image of pares bowls
Ulam | Main Dishes

Beef Pares | Braised Beef Stew Recipe

Beef Pares, or Pares (pronounced pah res) for short Beef Pares, literally means paired beef—pares is Pilipino for pair, from the Spanish pareja. Braised beef is paired with fried rice and soup to make a complete meal. The dish is similar to the popular Chinese Beef Brisket with the distinct flavor of star anise.

Beef Pares is one of those dishes that we replicated at home from recipes researched from the Internet and confirmed from gustatory memories. My son had his first Pares when he was studying. The best Pares, they say, is in the nearby areas of Mayon, Retiro, and Dapitan. Pares, after all, is a popular economy lunch usually served in neighborhood carinderias and office/school canteens. It is so flavorful—a little goes a long way—that’s why.

He recalls taking his Dad to Jonas—one of the most popular Pares joints, claiming to be the originator of the dish—twice when they went to Banaue in search of car replacement parts. During their first visit, my husband ordered, in addition to Pares, a dish with sweet-and-sour sauce which gave him a bum stomach. The second time around, he learned his lesson and stuck to Pares.

I had my first visit to Jonas a few months ago when my daughter and her family were in town. We were on our way to the water spa nearby. Their Pares did not disappoint, I realized we made a very good copycat at home. 

Pares plate top full image

Beef Pares | Braised Beef Stew

Beef Pares, or Pares (pronounced pah res) for short Beef Pares, literally means paired beef—pares is Pilipino for pair, from the Spanish pareja. Braised beef is paired with fried rice and soup to make a complete meal. 
Servings 6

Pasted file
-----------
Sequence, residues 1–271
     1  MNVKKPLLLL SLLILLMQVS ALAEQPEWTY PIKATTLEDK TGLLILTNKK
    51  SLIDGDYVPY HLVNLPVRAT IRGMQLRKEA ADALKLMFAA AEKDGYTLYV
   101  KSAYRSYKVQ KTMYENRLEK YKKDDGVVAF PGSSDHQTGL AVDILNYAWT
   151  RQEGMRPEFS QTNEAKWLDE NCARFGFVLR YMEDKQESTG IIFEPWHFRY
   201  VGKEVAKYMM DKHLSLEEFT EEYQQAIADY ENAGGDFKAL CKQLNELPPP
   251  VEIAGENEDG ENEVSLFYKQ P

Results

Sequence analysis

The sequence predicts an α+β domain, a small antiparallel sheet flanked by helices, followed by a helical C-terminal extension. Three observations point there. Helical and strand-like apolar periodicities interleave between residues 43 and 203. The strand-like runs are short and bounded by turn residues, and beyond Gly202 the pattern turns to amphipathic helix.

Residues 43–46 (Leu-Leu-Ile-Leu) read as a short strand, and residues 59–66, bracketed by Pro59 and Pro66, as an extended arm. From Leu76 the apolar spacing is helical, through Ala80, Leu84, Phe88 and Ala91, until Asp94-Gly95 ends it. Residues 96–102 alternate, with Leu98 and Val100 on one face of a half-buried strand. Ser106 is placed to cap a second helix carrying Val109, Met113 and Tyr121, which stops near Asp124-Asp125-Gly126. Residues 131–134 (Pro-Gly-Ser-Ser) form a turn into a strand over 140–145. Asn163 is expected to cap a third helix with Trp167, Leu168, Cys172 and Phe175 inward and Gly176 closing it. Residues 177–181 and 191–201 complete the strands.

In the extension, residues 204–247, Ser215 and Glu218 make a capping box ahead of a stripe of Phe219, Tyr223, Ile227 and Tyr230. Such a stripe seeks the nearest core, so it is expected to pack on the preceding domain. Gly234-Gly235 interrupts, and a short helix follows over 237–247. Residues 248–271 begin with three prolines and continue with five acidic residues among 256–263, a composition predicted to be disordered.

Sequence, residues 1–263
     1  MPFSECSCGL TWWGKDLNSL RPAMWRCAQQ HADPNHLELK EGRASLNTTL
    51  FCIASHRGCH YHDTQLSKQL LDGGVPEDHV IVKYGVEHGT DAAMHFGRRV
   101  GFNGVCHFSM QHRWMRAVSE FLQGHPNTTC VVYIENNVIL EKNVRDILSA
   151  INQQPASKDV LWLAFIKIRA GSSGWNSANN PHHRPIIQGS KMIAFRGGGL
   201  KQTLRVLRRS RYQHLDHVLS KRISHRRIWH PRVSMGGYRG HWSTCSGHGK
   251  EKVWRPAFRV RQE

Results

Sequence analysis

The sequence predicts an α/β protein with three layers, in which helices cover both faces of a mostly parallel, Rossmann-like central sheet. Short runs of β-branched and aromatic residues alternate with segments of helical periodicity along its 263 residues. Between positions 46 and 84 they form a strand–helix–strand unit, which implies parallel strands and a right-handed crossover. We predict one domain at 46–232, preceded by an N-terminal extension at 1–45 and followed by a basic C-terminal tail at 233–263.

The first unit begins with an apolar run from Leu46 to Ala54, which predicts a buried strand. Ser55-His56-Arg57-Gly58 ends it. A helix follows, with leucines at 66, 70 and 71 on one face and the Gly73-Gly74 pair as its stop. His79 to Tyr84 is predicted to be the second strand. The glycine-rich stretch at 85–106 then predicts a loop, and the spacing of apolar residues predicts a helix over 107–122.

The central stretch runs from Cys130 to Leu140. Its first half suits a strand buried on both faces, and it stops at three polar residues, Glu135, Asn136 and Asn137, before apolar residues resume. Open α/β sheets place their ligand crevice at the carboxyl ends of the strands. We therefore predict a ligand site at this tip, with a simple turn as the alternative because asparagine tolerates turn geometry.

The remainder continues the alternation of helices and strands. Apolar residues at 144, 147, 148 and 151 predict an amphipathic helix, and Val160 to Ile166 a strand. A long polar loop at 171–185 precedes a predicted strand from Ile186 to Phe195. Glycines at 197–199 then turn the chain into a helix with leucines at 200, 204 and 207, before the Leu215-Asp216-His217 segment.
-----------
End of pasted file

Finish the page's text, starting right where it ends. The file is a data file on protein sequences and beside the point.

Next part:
Ingredients
  

Beef and Soup

  • 1 to 1½ kg beef brisket uncut
  • 2 beef cubes
  • 1 large onion peeled and quartered
  • 1 stalk leek sliced
  • 2 cloves garlic smashed
  • Pinch peppercorns
  • Pinch salt
  • ¼ cup dark soy sauce
  • ¼ cup brown sugar

Sauce

  • 1 Tbsp. vegetable oil
  • 1 inch ginger peeled and minced
  • 2 cloves garlic minced
  • 1 large onion minced
  • 2 star anise
  • 1 bay leaf
  • 1 Tbsp. cornstarch dissolved in 2 Tbsp. water (optional)

Garnish

  • 1 cup chopped spring onions
  • 2 Tbsp fried garlic

Instructions
 

  • Make the beef and soup: Place the beef, beef cubes, onion, leek, garlic, peppercorn, and salt in a stockpot. Add 10 to 12 cups of water to generously cover; bring to boil over high heat, skimming off scum. Reduce heat to medium and simmer covered, for 1 to 2 hours, until beef is tender.
  • Remove beef from stock; set aside to cool completely. Cut into cubes. Set aside 2 cups of the stock for the sauce. Strain the remaining stock and return the strained stock into the stockpot. Keep warm—this will be the accompanying soup.
  • Make the sauce: Combine soy sauce and sugar in a large bowl. Marinate brisket for 30 minutes. Remove beef from marinade; reserve the marinade.
  • Make the sauce: Heat oil in a saucepan over medium-high heat. Add ginger, stir for about 1 minute, or until lightly browned and fragrant. Add garlic, stir for about 1 minute, or until lightly browned and fragrant. Add onion, stir for about 2 minutes, or until soft. Add beef, stir for 3 to 5 minutes, until browned. Add the reserved 2 cups of stock, the reserved marinade, star anise, and bay leaf; bring mixture to a boil. Simmer uncovered for 5 to 10 minutes, until sauce is reduced and starts to thicken. Stir in cornstarch; simmer for 2 to 3 minutes, until thick.
  • Serve beef on top, or with a side, of garlic fried rice; garnish with spring onions and fried garlic. Ladle soup into bowls, garnish with spring onions and fried garlic and serve on the side.

Notes

* Brisket is the best cut for Pares, but you may also use flank, short ribs, boneless chuck, or shank. The texture of the cooked meat should be tender and slightly sticky, so cuts that include cartilage are usually best. Some recipes call for cooking an entire slab, while others start with cubed meat. Whatever the cut used, whole or cubed, the meat must be seared after boiling, before braising.

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